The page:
February 13, 2014
Leslie Pelch, VCGI
VCGI has posted a Parcel Boundaries Web Map Service that will be updated at least annually as we receive updated parcel data. Web map services allow users to bring map layers and imagery into their GIS projects or map mashups without actually downloading any data by connecting to the service of choice via the internet.
Contact Leslie (email@example.com or 802-882-3002) if you need help understanding how to connect to this service. More info here: http://vcgi.vermont.gov/warehouse/web_services/map
January 2, 2014
Mike Brouillette, VCGI
With technical support from our partners in the Enterprise Geospatial Consortium LiDAR Workgroup (a.k.a. VTeam LiDAR), VCGI is happy to announce the initial offering of LiDAR “derivative data” under the umbrella of the “Vermont LiDAR Initiative” effort. For more information on the effort, the state LiDAR plan, status graphics and other support data please visit the new VCGI LiDAR web page at http://vcgi.vermont.gov/lidar.
Current data availability includes 1.4m resolution Digital Surface Models (DSMs) “ElevationOther_DSM1p4m” and Digital Elevation Models (DEMs) “ElevationDEM_DEM1p4m“ covering the Missisquoi subbasin and a majority of Bennington County. 2’ Contours from these areas will be integrated with the existing 2’ contour layer “ElevationOther_CN2T” early in the New Year. See the LiDAR web page for status graphic, project data extents and more.
To download these data select the “download” icon located in the “All new or updated data” of the “Data and Imagery” page http://vcgi.vermont.gov/warehouse/search_tools. All LiDAR raster data is in the Erdas Imagine file format and organized at two levels for flexibility in downloading:
1) Ortho 9 tiling scheme; and
2) Original project “footprint” extent – as delivered by vendors.
Index maps and Index shapefiles are provided in the download data folders to help users find tiles of interest, e.g., “_Index_ElevationDEM_DEM1p4m.pdf” and “_Index_ElevationDEM_DEM.zip”.
For a readily available advocacy/information brochure please see the “VT LiDAR Initiative Brochure” on the vcgi.vermont.gov/lidar web page.
- Addison County Data - Release of the data is still pending QAQC issues with the vendor. No firm delivery date is available.
- Essex County Data – Missing data tile discovered upon regenerate DEM & DSM from source point cloud has slowed release of this extent. Efforts underway to recover it and move forward. Original vendor delivery only included a 3m resolution DEM/DSM though data supports 1m resolution, thus the recreation effort. IF YOU THINK YOU HAVE THE ORIGINAL “POINT CLOUD” SOURCE DATA FOR 2005 ESSEX COUNTY PLEASE CONTACT ME!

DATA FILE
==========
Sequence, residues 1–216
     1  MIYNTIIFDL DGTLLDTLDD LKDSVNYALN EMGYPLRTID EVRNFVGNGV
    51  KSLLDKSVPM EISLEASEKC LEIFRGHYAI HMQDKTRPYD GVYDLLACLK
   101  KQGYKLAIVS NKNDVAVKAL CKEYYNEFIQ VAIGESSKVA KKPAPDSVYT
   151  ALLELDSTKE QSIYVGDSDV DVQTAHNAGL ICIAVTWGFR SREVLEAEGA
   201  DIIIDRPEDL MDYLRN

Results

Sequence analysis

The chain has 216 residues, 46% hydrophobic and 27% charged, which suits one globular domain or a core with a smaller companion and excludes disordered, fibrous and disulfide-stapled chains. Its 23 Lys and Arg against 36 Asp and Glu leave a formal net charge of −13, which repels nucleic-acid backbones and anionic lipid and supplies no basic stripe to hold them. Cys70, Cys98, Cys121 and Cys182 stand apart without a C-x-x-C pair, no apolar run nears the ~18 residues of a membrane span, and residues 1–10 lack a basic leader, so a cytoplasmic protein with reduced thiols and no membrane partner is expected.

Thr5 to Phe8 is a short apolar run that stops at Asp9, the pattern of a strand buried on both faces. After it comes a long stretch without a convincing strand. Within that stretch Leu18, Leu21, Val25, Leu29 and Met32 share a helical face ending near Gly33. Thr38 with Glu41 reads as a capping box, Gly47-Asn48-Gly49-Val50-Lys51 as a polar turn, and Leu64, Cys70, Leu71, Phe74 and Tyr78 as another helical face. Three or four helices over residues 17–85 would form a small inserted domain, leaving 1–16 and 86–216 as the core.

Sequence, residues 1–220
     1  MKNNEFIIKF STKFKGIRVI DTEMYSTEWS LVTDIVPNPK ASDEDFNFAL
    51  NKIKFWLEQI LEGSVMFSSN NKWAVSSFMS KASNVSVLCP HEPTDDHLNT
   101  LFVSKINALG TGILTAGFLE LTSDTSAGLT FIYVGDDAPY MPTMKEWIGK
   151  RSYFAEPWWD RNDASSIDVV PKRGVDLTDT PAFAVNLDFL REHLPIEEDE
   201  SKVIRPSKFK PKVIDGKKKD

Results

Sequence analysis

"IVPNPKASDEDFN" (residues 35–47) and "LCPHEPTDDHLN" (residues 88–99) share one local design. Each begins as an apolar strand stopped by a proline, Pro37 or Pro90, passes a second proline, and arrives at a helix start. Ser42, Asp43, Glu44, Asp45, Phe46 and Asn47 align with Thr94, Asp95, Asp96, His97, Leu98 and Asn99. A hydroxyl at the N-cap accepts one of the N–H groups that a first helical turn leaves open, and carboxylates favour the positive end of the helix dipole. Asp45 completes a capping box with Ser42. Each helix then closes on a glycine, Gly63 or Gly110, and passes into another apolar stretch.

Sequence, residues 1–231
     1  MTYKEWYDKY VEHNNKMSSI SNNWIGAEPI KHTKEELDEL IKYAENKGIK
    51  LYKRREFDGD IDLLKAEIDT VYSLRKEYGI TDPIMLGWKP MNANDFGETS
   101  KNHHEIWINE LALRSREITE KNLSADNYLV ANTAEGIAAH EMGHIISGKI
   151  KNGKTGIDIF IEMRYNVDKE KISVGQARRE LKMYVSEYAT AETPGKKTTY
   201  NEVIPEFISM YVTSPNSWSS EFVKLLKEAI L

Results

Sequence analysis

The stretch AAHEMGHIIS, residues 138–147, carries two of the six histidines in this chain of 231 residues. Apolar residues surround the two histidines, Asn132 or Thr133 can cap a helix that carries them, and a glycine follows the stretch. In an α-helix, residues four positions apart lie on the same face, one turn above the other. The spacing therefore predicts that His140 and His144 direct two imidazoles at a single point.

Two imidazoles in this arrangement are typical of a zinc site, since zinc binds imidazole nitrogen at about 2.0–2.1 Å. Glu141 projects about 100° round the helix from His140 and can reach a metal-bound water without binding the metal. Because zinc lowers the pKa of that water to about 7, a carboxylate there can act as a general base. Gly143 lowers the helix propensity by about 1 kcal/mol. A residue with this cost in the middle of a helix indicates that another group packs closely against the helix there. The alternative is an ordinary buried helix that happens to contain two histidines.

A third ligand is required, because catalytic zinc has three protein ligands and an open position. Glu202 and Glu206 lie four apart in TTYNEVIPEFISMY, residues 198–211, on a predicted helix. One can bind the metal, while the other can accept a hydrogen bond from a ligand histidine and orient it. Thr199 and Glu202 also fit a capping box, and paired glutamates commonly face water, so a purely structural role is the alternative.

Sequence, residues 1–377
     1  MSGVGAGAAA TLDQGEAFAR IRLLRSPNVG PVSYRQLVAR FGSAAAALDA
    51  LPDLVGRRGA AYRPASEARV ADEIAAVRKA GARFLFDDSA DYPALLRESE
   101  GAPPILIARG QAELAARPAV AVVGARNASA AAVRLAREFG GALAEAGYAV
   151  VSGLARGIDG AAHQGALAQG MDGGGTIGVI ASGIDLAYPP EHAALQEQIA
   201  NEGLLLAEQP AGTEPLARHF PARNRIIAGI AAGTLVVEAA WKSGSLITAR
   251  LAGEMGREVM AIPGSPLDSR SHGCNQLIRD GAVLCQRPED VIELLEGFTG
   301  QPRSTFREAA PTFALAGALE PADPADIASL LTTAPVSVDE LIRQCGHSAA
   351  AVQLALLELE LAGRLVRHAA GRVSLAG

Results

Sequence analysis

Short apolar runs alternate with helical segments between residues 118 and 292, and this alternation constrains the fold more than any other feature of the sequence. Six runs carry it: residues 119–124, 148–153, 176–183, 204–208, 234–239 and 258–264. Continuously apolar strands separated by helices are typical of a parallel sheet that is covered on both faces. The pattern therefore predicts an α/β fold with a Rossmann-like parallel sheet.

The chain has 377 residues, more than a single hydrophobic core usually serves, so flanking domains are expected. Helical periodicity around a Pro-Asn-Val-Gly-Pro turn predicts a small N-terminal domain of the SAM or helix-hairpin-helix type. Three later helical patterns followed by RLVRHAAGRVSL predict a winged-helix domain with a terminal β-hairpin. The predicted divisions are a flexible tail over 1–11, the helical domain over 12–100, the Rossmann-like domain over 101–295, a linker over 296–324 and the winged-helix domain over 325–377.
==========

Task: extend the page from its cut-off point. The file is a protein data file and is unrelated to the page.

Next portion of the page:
- ALL-LDR Product – External hard drive containing all available LiDAR data including “point cloud” and all derivatives. For information and links to vendor supplied “point cloud” metadata see -http://vcgi.vermont.gov/warehouse/products/ALL-LDR_MIX_LIDAR_STATE_ALL
- Secondary derivative layers: “ElevationOther_ASPECT1p4m”, “ElevationOther_HILSH” (hillshade), “ElevationOther_nDSM” (“normalized” DSM) and “ElevationSlope_SLOPE” raster layers will be made available via the VGIS as time permits in 2014. These are available on the ALL-LDR product for project extents they have been generated for (ATM: Missisquoi subbasin and Bennington County).
Please feel free to contact me directly with questions and/or feedback about the data, the VT LiDAR Initiative or the LiDAR web page etc: firstname.lastname@example.org or 802-882-3008
December 12, 2013
From Sensors and Systems:
“Is my property being taxed fairly?”
“Are zoning variances being granted in a consistent manner?”
“Is my flood insurance rate justified?”
These are the types of questions concerned citizens may ask, both in their own interest, and in the interest of maintaining a responsive and equitable democracy. Our democratic system of government is supposed to conduct the public’s business fairly and consistently within the explicit directives of the citizens’ elected representatives. But how can citizens know if that is happening? And how can citizens know that their representatives are actually conducting “the people’s business” rather than their own? Transparency is required for maintaining our governments’ accountability to its citizens.